Immersive Virtual Environments to Facilitate Authentic Education in Logistics and Supply Chain Management

Immersive Virtual Environments to Facilitate Authentic Education in Logistics and Supply Chain Management

Torsten Reiners (Curtin University, Australia) and Lincoln C. Wood (Auckland University of Technology, New Zealand & Curtin University, Australia)
DOI: 10.4018/978-1-4666-3930-0.ch017
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Abstract

This chapter will cover our current research concerning developing and trialling immersive environments as an innovative and authentic approach to teaching and learning in Logistics and Supply Chain Management, incorporating seamlessly integrated assessment and feedback. Developed educational and assessment tools will allow students to demonstrate that they have successfully applied theoretical knowledge in real contexts and developed appropriate skills before entering the workforce. Greater authenticity allows students to experience different roles and exposes them to multiple business cases over supply chains that, in reality, span the globe. The project addresses the inauthentic pedagogical approaches in current classroom and distance-learning environments, and will propose a methodology that utilises existing technologies. The simulation will combine emerging technologies to represent multiple problem dimensions into one space; enabling students to observe, engage, interact, and participate in self-guided or group-based learning scenarios; receiving instant, multi-perspective, media-rich feedback to support their learning; and enabling further iterative scenario-based training.
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Introduction

Throughout the Australasian higher education sector student numbers rose rapidly during the 1990s while the study population gained greater diversity (Martin & Karmel, 2002). This increasingly diverse student body has been positive as the increasing diversity allows students to better “represent ideal social forums for promoting cultural understanding; fostering tolerance of diversity; discovering alternative ways of thinking; and developing inter-cultural skills” (Volet & Ang, 1998, p. 6). However, the increase in student numbers and diversity also creates challenges for instructors. Simultaneously, there is increasing pressure to make better use of resources while ensuring that students are well-prepared for work. This has led to many instructors having a focus on being able to “get as many students as possible to meet professionally/academically acceptable levels of performance at as high a level as we can”, given available resources (Buckridge & Guest, 2007, p. 144). A key method that has been used to solve this problem has been increasing engagement with students during the learning process, often through the incorporation of active learning techniques in classrooms. Here, ‘what happens’ is important, but there is also a critical need to consider ‘how it happens’; i.e., regarding the achievement of learning objectives (Terenzini, Cabrera, Colbeck, Bjorklund, & Parente, 2001).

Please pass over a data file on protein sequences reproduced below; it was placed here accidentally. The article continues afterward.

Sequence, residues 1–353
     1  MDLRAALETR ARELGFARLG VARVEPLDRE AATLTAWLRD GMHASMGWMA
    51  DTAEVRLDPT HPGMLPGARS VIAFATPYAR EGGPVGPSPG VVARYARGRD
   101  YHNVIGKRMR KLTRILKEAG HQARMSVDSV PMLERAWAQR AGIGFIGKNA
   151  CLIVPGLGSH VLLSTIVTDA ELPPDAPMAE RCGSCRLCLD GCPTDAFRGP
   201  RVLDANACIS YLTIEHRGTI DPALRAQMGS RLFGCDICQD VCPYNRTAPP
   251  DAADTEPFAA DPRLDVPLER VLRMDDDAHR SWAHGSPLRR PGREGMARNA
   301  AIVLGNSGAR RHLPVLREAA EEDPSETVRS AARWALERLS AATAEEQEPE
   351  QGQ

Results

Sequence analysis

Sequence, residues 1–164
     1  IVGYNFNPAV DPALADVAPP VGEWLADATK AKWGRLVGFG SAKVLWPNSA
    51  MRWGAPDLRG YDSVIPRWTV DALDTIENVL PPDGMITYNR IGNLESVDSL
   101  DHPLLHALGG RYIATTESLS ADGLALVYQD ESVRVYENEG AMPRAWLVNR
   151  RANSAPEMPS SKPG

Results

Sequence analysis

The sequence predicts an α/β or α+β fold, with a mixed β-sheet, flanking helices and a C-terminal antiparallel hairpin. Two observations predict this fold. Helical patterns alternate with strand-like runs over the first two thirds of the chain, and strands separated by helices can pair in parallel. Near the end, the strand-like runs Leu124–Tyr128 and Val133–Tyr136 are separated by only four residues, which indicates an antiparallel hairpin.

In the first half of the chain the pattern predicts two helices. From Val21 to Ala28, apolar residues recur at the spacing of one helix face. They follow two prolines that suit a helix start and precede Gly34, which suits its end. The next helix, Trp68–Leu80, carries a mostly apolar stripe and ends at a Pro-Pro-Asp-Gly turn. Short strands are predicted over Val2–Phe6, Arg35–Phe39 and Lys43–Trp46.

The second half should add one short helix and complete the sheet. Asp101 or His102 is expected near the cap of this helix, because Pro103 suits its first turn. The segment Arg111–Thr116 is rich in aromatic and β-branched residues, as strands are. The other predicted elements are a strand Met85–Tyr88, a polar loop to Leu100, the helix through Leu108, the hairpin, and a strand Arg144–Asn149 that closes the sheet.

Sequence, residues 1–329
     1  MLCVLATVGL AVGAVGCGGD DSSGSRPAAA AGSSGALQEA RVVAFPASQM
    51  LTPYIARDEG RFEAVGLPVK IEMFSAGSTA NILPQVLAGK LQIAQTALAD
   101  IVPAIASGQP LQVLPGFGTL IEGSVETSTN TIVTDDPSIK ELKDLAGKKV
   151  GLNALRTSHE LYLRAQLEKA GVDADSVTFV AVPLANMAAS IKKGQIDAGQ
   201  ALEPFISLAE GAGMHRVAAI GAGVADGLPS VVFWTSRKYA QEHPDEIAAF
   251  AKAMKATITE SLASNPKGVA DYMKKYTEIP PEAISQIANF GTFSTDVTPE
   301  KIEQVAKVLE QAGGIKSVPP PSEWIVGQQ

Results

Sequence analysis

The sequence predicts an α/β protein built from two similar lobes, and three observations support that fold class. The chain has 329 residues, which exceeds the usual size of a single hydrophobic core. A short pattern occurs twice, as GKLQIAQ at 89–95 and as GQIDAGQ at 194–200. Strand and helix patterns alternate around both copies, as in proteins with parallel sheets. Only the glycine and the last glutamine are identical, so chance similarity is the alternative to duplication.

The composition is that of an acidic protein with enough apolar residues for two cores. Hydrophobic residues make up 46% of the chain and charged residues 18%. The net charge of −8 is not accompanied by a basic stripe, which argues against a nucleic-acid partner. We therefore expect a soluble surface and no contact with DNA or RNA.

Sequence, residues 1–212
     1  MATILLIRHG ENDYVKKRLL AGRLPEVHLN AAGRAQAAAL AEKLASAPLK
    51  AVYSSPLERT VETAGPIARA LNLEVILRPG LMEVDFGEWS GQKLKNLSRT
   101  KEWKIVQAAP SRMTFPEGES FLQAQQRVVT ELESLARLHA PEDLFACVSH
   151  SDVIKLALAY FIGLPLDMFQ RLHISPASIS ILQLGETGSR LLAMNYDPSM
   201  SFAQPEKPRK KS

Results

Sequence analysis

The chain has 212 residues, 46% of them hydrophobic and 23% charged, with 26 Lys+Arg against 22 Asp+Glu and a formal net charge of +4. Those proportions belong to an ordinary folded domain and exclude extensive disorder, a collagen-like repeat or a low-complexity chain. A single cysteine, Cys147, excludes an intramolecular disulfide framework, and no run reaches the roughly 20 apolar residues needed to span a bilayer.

Educators and course designers need to be aware that “a dual focus on both content and delivery is necessary” to ensure effective learning in supply chain classes (Wood & Reefke, 2010, p. 78). Academics and industry partners also report the need to find a common denominator in preparing students for real-world experience. One example is the usage of educational games and activities in logistics and supply chain management (L&SCM) classes. The use of these activities enable students to understand the concepts and the learning objectives more effectively when they have been given time to learn and understand the rules and how the game works. This can circumnavigate the need for specific instruction on these subjects and this form of active learning ensures “practices empower them in class and create new opportunities for interaction outside class” (Maruyama, Moreno, Gudeman, & Marin, 2000, p. 78). One of the best-known and accepted supply chain simulations is the Beer Game, used to demonstrate and analyse the bullwhip effect and the impact that this has on supply chains (Lee, Padmanabhan, & Wang, 1997; Sterman, 1989). Even though such simulations may be successful, they still frequently fail to reach high levels of authenticity as they are relatively simple computer-based simulations or operate using pens, paper, boards and tokens. While they are more interactive than learning from a textbook, the approach still lacks the connection with real-life scenarios due to the inherent abstraction of concepts embedded in the simulation.

This chapter will explore improved engagement through active learning, feedback opportunities, multiple iterations and repetition, authentic education, and immersive environments. We describe a conceptual framework for the development and implementation of a multi-iteration scenario-based training environment with emphasis on joint learning opportunities in an authentic learning environment; i.e., for authentic learning of required working skills. The potential value and need for such situations is outlined, followed by a development of several research propositions suggested by the discussions.

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